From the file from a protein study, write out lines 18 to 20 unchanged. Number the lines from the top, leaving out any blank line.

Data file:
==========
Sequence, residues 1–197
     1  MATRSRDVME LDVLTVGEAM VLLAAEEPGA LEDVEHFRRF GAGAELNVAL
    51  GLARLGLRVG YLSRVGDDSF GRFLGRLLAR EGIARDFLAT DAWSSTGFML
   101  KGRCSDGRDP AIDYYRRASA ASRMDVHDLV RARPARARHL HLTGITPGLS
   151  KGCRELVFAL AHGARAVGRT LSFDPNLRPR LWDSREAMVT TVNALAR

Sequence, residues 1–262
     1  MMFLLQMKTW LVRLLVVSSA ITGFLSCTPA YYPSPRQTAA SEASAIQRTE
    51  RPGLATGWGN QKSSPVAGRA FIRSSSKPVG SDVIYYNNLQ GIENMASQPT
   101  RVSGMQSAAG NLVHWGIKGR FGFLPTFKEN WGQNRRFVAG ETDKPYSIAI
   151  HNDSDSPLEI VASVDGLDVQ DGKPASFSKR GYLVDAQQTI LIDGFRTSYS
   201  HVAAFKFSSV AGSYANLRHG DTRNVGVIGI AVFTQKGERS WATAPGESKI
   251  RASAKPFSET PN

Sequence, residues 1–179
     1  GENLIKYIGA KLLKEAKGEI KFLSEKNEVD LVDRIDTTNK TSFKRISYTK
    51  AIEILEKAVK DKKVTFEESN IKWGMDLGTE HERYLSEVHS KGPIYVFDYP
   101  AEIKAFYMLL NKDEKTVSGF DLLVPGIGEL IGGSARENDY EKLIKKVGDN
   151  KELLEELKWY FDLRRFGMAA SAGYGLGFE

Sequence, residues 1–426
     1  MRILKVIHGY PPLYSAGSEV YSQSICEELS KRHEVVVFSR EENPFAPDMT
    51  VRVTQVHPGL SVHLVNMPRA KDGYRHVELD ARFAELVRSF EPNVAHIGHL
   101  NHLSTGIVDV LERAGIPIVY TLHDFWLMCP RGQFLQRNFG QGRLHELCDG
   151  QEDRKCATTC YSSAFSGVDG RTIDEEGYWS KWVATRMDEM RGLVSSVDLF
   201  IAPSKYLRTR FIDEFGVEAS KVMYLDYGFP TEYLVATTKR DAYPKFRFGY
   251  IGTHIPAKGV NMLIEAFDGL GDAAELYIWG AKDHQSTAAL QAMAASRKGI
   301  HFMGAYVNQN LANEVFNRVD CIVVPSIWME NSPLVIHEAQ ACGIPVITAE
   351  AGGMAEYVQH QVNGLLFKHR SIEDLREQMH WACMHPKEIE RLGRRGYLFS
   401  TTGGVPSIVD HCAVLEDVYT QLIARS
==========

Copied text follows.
Sequence, residues 1–426
     1  MRILKVIHGY PPLYSAGSEV YSQSICEELS KRHEVVVFSR EENPFAPDMT
    51  VRVTQVHPGL SVHLVNMPRA KDGYRHVELD ARFAELVRSF EPNVAHIGHL